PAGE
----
“Finally, I heard Jesus say, ‘Would you be my bride and mother all of my children?’

“Finally, I was able to say yes. But then I thought, ‘Now what?’ ”

‘What a way to spend a lifetime’

Sister Lucia Christi spoke with a priest at St. Paul Catholic Center in Bloomington at the end of her sophomore year. After sharing her story with him, he simply said, “I have the perfect order for you—the Sisters of Life.”

She looked them up online, and she knew she’d found her vocational home.

“I read through the whole [site],” said Sister Lucia Christi. “It was an experience of encountering my own heart written out.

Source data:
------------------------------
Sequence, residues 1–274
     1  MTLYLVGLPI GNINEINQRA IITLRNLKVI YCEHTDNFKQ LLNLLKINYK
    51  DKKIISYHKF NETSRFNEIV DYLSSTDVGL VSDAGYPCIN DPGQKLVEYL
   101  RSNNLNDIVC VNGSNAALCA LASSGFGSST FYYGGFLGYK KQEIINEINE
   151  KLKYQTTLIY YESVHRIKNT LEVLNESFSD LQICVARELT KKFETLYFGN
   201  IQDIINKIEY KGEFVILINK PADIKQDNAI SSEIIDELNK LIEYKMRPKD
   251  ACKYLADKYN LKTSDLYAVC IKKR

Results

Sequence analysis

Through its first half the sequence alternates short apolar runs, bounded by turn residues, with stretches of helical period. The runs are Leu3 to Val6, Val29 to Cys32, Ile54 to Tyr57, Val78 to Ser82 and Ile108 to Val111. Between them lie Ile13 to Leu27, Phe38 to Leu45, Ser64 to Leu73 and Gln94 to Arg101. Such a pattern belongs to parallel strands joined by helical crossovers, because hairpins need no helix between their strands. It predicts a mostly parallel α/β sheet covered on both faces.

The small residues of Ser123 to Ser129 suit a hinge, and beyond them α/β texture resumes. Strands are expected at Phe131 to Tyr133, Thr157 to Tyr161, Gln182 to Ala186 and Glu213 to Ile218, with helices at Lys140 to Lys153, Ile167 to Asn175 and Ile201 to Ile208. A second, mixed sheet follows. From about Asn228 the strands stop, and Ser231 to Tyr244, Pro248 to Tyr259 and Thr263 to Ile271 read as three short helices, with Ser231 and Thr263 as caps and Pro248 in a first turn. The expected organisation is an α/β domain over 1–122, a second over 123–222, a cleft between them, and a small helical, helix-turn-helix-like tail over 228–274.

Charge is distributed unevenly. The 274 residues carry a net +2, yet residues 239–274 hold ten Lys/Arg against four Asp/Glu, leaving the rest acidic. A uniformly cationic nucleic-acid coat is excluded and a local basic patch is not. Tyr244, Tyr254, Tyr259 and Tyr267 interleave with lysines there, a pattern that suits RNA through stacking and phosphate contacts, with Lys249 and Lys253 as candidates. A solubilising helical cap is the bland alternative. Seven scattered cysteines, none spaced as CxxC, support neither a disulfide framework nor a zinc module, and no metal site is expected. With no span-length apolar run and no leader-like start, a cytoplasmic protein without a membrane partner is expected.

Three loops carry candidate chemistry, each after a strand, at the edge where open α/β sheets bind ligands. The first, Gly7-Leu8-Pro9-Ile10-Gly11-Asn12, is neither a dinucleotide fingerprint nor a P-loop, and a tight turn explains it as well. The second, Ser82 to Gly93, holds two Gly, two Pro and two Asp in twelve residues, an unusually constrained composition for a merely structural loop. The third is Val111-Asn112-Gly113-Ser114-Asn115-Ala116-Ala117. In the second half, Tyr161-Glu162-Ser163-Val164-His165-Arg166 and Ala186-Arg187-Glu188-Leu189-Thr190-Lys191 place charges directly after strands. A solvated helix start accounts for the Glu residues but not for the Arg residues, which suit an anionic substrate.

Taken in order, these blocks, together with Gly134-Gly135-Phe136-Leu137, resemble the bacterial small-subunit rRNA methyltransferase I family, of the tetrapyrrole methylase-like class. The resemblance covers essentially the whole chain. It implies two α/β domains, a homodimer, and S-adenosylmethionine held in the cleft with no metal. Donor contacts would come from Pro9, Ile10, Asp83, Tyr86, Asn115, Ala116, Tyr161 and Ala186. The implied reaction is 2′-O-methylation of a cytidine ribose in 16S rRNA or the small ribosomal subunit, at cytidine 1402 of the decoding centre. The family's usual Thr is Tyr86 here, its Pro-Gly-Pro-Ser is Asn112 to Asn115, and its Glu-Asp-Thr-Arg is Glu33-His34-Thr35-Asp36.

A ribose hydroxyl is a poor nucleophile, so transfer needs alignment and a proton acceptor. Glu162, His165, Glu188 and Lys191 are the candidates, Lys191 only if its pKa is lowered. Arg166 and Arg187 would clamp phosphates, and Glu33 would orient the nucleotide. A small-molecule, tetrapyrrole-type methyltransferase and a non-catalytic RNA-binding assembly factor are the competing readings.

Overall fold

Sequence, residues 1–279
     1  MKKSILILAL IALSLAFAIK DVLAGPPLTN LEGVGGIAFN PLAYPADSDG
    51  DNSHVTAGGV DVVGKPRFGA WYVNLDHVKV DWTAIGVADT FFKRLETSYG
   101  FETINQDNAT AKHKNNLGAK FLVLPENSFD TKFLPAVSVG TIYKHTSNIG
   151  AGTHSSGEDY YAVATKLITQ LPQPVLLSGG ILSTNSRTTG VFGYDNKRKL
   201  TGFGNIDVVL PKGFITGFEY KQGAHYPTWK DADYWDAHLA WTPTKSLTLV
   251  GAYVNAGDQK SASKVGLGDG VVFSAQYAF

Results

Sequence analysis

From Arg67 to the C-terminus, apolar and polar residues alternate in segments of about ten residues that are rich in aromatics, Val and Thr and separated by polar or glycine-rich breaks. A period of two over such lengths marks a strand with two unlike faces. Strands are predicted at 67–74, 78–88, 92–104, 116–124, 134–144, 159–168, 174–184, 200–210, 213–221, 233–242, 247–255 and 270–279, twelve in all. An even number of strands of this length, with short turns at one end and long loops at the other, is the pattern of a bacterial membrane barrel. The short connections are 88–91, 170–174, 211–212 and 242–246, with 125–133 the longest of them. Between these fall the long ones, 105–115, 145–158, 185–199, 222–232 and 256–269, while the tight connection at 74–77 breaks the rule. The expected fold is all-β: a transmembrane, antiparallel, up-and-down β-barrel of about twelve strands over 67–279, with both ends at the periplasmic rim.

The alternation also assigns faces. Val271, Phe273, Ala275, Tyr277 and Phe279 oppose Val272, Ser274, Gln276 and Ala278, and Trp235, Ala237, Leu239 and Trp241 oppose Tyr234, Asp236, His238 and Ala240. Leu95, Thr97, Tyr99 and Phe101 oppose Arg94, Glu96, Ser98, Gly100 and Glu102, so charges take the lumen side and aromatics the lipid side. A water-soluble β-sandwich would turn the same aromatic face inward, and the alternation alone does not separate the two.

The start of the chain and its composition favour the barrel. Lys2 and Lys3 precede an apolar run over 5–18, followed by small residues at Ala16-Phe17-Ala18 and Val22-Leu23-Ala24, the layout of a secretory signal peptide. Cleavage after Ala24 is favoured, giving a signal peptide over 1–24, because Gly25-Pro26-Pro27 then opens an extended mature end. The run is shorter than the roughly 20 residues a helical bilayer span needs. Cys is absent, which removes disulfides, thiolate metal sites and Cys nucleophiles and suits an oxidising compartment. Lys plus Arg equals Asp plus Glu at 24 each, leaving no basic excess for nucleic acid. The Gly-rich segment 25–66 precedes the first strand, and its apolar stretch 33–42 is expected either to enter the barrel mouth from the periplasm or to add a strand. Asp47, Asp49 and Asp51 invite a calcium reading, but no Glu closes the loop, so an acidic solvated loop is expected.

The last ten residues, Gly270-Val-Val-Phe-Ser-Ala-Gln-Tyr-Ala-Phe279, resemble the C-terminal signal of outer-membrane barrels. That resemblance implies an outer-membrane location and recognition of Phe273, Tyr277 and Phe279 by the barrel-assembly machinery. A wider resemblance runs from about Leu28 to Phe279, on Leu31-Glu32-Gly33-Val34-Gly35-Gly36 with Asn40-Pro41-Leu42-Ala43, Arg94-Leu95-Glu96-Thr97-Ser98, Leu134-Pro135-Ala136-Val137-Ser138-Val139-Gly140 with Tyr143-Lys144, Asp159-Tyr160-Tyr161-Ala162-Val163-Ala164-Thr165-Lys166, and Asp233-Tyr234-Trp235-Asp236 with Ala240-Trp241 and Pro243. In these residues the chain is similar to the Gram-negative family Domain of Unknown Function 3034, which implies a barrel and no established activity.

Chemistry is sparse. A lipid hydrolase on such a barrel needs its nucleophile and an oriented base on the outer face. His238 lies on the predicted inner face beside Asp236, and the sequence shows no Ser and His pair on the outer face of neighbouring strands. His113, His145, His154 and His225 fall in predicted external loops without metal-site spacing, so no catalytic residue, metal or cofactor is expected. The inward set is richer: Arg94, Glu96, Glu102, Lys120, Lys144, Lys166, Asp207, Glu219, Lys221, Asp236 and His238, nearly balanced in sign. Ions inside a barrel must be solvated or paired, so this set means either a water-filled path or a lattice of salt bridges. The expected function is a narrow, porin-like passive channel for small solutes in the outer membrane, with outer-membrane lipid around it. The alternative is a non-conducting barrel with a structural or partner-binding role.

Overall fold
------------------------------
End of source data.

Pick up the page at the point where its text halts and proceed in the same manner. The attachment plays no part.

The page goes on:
“All my dreams for my life I found in our charism—to love the human person just because they are. Not because of anything they can do or their status, but just because God loves them and created them.

“To live a life of love and joy and invite people into a life where God loves him. To lay down my life so others may live. To be a voice for the voiceless, the elderly, the unborn, the forgotten, those whose lives count for less in the world. To be a sign pointing to heaven.

“I thought, ‘What a way to spend a lifetime.’ It was everything I wanted without having words to express it at the time.”

Sister Lucia Christi contacted the order’s vocation director, who helped her learn more about the order “and about my own heart.” She also started spiritual direction with a priest.

“It was pretty clear this is where the Lord was calling me,” she said.